Videotaping the last moments of a Polish immigrant's life, Paul Pritchard thought the police were 100 percent right to use a Taser stun gun to subdue the man.
That was a month ago, before the police returned the videotape they borrowed from Pritchard, a Canadian who had filmed Robert Dziekanski's death.
Now that Pritchard has watched his own tape — and no longer believes Dziekanski posed any threat of violence — he condemns the police use of a stun gun just 46 seconds after confronting Dziekanski at the airport in Vancouver, British Columbia.
"At the time I thought it was the right thing," Pritchard said Friday. "I thought it was more of a standoff, but it wasn't. It wasn't like that at all."
A coroner's inquest has been called and police have launched an investigation. The Royal Canadian Mounted Police have said they are reviewing Taser use; 18 people have died in Canada after being hit with a Taser in the last four years.
Man's first flight ends tragically
Dziekanski, 40, of Gliwice, Poland, arrived at the airport Oct. 14. It was his first flight, and was to be the start of a new life with his mother in western Canada.
But Dziekanski, who spoke only Polish, began acting erratically at the airport. He apparently became upset when he didn't see his mother in the secure baggage area — which she was not allowed to enter.
She had told him to wait for her there, and he did, for about 10 hours. When she could not find anyone to help her get to the secure area, and he did not emerge, she thought he had missed his flight and she left the airport.
Pritchard pulled out his camera after watching Dziekanski pace back and forth. Dziekanski threw a computer to the ground, and he lined up chairs, a small wooden table and a clipboard along glass doors that separated the secure zone from the public waiting area.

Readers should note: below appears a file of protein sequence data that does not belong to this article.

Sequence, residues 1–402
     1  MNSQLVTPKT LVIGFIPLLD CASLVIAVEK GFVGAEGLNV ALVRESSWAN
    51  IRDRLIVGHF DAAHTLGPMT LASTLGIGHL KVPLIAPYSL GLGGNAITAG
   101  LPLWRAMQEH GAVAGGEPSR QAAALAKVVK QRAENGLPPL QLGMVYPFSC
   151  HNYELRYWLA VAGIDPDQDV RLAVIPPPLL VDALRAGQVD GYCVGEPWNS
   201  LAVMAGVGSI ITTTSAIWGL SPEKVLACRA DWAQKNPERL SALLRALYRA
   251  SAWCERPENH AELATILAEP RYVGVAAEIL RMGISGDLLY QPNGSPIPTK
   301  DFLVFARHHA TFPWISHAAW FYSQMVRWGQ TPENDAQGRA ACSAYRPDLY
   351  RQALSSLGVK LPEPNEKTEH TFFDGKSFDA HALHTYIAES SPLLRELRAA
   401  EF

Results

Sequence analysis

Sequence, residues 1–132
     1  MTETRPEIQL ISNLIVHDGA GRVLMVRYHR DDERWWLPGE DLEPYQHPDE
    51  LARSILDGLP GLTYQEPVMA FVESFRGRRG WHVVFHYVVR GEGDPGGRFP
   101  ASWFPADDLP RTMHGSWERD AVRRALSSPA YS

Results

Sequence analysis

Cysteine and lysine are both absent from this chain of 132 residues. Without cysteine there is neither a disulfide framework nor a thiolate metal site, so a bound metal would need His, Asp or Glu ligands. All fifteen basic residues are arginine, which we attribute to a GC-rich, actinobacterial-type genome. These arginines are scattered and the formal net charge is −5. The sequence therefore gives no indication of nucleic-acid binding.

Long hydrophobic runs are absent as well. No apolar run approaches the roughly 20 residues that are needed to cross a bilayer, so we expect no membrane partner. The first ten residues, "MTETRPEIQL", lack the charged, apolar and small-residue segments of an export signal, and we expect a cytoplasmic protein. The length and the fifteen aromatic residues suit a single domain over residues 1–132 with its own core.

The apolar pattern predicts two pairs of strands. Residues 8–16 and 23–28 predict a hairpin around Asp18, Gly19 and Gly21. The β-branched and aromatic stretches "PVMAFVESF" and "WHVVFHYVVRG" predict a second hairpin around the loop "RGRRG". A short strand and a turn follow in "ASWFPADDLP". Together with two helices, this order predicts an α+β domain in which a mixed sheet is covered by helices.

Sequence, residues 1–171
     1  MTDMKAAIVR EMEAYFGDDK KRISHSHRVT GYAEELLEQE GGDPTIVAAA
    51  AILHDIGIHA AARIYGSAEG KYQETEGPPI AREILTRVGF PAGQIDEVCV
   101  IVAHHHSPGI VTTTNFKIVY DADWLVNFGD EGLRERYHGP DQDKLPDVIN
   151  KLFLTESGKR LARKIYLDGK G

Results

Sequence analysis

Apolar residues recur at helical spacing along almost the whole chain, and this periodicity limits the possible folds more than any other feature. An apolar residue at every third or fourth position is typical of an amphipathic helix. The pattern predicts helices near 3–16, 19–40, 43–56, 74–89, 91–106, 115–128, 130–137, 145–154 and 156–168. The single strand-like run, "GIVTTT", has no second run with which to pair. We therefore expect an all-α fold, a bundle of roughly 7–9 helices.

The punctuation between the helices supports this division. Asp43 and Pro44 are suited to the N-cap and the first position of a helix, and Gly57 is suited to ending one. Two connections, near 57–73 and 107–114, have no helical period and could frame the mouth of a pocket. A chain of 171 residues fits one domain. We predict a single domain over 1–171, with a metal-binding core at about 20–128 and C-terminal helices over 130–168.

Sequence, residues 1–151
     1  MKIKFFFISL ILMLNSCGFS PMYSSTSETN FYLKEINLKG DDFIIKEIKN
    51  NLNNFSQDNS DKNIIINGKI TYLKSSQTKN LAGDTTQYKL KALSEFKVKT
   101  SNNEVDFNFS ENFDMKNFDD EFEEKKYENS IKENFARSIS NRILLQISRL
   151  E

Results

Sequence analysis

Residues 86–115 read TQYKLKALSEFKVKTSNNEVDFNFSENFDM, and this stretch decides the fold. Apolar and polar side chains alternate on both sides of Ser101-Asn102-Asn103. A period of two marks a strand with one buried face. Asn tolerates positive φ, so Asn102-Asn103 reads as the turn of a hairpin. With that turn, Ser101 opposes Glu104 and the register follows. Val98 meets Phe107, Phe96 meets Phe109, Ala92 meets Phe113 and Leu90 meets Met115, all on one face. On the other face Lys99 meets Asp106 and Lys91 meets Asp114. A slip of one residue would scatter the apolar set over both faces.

"He was acting erratically," said Pritchard. "I saw what I saw, but I didn't realize the seriousness until I got the footage back. He wasn't acting violent in any way. That's what is most disturbing."
Robert Szaniawski, a spokesman for Poland's Foreign Ministry, said Poland has asked Canada for an explanation of Dziekanski's death.
"We believe that the use of Taser on Mr. Dziekanski was excessively brutal and unjustified," Szaniawski said. "No attempts were made to use other means to solve the situation but from the very start the toughest means available to the police was used. We want the matter clarified and we want those guilty named and prosecuted."
Content of video
The video shows:
- Dziekanski acting confused for several minutes before four police officers arrive and vault over a railing and confront an agitated Dziekanski behind the glass doors. Loud cries of what sound like "polizia," can be heard as the officers are told by someone that the man only speaks Russian.
- The officers stand before him and Dziekanski throws his hands in the air and walks away, and the officers follow, apparently indicating he should put his hands on a desk top. Dziekanski stands with his back to the counter and the officers surround him before they use a Taser stun gun on him and he falls, screaming in pain.
- A voice is heard yelling, "Hit him again, hit him again." The four officers clamber on top of him, restraining his arms and his head, as Dziekanski twitches. Finally, he is still.
Pritchard turned over the video to police that day and was told he would get it back within 48 hours. When police later refused he hired a lawyer. He got it back on Wednesday following a court order.
Pritchard said police told him they didn't want the video to taint potential witness testimony. Pritchard didn't believe it.
"There's obviously something that they didn't want the public to see which is why we took the steps to get it," Pritchard said by telephone from New York City.
Police Cpl. Dale Carr said the video is just one small piece of evidence. "Although the video is compelling and does demonstrate a great deal of what went on there, it's only one piece of evidence," said Carr.
"There are a number of other witnesses that have an account and we are interested in getting to the bottom of it," he said. "We want people to make judgment on the totality of all of the evidence and that will be shared at the inquest."